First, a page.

Six of the seven candidates met last week in a Clean Elections debate. Here's how it went down:
7:05 p.m.: Moderator Christopher Conover of KUAT Channel 6 gets the show on the road by telling us about Clean Elections, and how anyone who gathers 220 $5 contributions can get a fat check from the government to run for office. He also tells the crowd that Spanish translators are in the audience. They'll get a workout tonight.
7:09 p.m.: The candidates begin introducing themselves. First up: Eric Carbajal Bustamante, who, at 24, is not yet old enough to serve in the Legislature (though he will be before he's sworn into office, should he win). Bustamante is making his first run for office. He grew up in Southern Arizona and teaches phys ed at a charter school.
7:10 p.m.: Ephraim Cruz is a former Border Patrol agent who got crosswise with the agency and ended up beating federal charges of bringing a Mexican national across the border. Cruz talks about the need to bring more dollars for health care, education and public transit to the district from the Legislature. He mentions his door-to-door campaigning, his integrity and his support for human rights. He says he blew the whistle on the mistreatment of illegal immigrants in Border Patrol custody and got drummed out of the agency.
7:13 p.m.: Conover explains to the crowd that the empty seat next to Cruz belongs to Gil Guerra, who called in sick. That would possibly damage Guerra's campaign if (a) anyone in the audience wasn't already aligned with a candidate and (b) Guerra actually had much of a campaign.
7:14 p.m.: Matt Heinz tells the crowd that he's an internal-medicine doc at Tucson Medical Center and that he wants to bring his health-care expertise to the Legislature. "The system is out of control and in a downward spiral," Heinz says.
7:15 p.m.: Daniel Patterson promises "new progressive leadership" and promises to "protect and serve your interests at the Capitol, not the special interests." He talks about being president of his neighborhood association, his experience as an ecologist and his work with government-planning agencies. He wants a sustainable economy and touts his various union endorsements.
7:18 p.m.: Patricia Puig says she's lived in Legislative District 29 for more than a quarter-century. She says she cares about the issues of health care, education, transportation and animal cruelty.
7:20 p.m.: Incumbent Rep. Tom Prezelski says the Legislature deserves all the criticism that the other candidates are leveling. "Of course, I'm in the minority," he says, before launching a story about a friend who got hired at a local cable TV company who was told that Prezelski is their arch-enemy because he fought against legislation that would have made it easier for them to do away with public-access TV. The story quickly turns so wonky that only a staffer at the Joint Legislative Budget Committee could follow it.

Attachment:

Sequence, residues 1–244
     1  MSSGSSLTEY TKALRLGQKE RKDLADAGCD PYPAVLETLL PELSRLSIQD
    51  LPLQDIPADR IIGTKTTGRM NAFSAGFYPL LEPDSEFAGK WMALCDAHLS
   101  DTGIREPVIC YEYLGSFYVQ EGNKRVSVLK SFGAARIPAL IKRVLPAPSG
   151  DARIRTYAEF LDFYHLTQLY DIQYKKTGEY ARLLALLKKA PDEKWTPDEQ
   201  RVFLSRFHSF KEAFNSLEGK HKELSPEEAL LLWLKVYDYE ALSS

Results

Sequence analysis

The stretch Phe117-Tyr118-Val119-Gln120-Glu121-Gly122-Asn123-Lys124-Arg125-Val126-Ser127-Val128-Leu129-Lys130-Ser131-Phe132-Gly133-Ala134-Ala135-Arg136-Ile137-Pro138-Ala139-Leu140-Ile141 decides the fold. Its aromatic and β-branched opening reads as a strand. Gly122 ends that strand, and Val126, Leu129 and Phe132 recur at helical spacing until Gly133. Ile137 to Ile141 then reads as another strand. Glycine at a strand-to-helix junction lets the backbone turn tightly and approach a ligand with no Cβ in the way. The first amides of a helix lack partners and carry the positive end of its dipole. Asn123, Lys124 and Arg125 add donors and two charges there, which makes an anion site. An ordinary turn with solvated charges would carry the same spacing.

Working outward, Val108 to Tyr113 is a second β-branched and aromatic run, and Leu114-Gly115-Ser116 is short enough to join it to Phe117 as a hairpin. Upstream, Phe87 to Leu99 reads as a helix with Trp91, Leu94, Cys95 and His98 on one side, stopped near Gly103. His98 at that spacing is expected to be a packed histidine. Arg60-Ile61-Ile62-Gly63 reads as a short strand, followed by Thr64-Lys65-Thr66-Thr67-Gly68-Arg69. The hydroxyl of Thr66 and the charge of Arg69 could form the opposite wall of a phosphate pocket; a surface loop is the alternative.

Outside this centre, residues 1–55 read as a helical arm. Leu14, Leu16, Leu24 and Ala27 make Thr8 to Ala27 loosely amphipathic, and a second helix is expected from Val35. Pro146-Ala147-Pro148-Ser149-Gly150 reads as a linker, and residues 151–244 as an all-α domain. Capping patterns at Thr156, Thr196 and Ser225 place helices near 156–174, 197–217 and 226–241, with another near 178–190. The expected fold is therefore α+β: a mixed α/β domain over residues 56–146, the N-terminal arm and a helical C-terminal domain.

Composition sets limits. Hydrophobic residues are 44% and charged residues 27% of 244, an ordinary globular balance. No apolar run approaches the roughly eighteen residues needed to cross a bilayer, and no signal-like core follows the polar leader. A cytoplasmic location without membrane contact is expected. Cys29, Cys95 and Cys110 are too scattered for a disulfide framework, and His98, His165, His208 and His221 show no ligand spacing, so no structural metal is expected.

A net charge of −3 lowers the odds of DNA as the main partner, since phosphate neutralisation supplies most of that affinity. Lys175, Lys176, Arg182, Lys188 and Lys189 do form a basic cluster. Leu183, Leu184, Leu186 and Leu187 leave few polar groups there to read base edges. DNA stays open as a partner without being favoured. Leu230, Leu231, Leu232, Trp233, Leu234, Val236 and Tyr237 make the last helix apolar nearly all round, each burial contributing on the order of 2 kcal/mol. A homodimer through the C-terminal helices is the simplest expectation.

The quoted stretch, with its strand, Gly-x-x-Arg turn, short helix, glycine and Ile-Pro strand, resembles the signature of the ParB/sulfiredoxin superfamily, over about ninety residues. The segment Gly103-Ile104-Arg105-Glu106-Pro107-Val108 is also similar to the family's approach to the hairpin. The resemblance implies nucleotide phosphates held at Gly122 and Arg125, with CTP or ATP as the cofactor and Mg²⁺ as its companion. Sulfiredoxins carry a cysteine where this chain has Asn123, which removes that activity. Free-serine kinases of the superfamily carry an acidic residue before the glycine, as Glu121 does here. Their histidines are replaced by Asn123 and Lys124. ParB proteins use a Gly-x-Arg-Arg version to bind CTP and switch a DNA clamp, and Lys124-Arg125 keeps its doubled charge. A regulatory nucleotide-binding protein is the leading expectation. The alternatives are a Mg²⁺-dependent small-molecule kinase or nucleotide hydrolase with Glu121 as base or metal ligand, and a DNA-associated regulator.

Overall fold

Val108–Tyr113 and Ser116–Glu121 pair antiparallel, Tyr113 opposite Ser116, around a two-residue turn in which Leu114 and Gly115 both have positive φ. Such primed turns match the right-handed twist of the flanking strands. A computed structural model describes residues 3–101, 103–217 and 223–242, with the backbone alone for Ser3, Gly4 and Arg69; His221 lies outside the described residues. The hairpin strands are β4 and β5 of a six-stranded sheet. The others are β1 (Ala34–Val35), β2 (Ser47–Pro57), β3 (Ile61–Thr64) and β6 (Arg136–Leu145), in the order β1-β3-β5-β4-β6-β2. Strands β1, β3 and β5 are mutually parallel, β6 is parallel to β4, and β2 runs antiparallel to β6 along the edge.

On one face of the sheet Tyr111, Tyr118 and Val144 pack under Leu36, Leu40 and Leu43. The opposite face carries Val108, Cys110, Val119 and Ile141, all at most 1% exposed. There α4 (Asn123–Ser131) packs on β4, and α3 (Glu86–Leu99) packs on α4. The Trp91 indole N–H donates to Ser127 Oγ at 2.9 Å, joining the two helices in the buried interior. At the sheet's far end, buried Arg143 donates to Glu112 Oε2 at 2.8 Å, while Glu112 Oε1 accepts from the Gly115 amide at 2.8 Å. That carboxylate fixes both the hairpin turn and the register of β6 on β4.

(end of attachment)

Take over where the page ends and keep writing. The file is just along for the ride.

Prezelski tells the crowd that most of the power of being a member of the minority party "comes from asking the right questions and saying the right things at the right time--sometimes saying very obnoxious things at the right times--and I've done that."
Prezelski mentions his family's roots in Tucson, his lifelong history as a Democrat and his previous job working as a planner for the Pascua Yaqui tribe.
7:43 p.m.: I'm so excited! The candidates have been asked the question I turned in to the moderator! I want to know if they support the TIME initiative on the November ballot, which would hike the sales tax by a penny per dollar to pay for more highways, high-speed rail service between Tucson and Phoenix, and local projects, including streets and transit. Bonus question: Do they support increasing the gas tax, which could pay for more roads?
Heinz supports the TIME initiative, even though he bemoans the regressive sales-tax burden it creates. He opposes an increase in the gas tax with current fuel prices.
Patterson would "love to be able to support the TIME initiative," but says it's unfair, because it doesn't include impact fees for developers. Patterson panders with a favorite math trick of TIME-initiative opponents, calling the tax a "close to 18 percent increase" in the sales tax. He says it spends too much money on roads and not enough on mass transit.
Patterson wants to "take a look" at increasing gas taxes, because it's a "more fair" way of paying for roads, but he doesn't want to hike gas taxes in a "willy-nilly" fashion.